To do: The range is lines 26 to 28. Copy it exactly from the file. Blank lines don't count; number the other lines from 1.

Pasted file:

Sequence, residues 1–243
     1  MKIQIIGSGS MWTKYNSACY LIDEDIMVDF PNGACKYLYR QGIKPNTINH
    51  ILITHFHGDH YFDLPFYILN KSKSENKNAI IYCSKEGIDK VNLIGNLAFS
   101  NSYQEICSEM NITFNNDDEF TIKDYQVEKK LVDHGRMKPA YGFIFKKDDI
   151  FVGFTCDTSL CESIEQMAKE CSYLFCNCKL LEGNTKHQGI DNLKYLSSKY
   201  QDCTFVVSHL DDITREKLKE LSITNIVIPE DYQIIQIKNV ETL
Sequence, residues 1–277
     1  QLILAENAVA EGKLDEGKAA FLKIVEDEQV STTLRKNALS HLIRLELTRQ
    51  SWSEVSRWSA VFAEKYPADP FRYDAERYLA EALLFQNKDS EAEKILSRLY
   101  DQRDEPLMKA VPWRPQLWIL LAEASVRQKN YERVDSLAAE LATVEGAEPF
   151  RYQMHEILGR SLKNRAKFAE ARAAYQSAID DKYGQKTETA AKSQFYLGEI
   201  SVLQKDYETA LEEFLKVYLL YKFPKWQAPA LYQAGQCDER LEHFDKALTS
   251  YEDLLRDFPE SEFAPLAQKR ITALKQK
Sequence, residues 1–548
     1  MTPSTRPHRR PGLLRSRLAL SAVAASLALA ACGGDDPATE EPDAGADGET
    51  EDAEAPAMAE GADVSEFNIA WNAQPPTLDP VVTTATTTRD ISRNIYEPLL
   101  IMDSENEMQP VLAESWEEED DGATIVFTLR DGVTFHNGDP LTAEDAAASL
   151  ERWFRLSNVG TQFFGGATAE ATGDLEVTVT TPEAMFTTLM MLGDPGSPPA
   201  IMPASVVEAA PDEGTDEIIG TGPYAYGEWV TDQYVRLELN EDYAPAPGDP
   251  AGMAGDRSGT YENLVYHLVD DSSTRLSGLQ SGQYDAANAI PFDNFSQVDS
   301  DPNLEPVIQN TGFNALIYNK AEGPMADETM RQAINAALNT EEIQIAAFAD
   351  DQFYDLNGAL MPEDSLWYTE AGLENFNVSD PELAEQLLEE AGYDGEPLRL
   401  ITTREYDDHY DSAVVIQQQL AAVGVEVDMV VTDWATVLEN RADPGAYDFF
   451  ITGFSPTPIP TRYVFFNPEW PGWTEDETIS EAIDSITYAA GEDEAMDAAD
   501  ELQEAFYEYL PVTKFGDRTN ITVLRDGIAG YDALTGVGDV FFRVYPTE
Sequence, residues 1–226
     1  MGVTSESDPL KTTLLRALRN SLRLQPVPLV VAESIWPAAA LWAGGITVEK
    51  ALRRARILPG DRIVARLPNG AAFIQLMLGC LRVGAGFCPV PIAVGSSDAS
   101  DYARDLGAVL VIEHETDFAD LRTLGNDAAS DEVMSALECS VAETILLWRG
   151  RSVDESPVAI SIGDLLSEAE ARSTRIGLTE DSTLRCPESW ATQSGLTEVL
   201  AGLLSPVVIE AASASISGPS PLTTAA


Sequence, residues 1–226
     1  MGVTSESDPL KTTLLRALRN SLRLQPVPLV VAESIWPAAA LWAGGITVEK
    51  ALRRARILPG DRIVARLPNG AAFIQLMLGC LRVGAGFCPV PIAVGSSDAS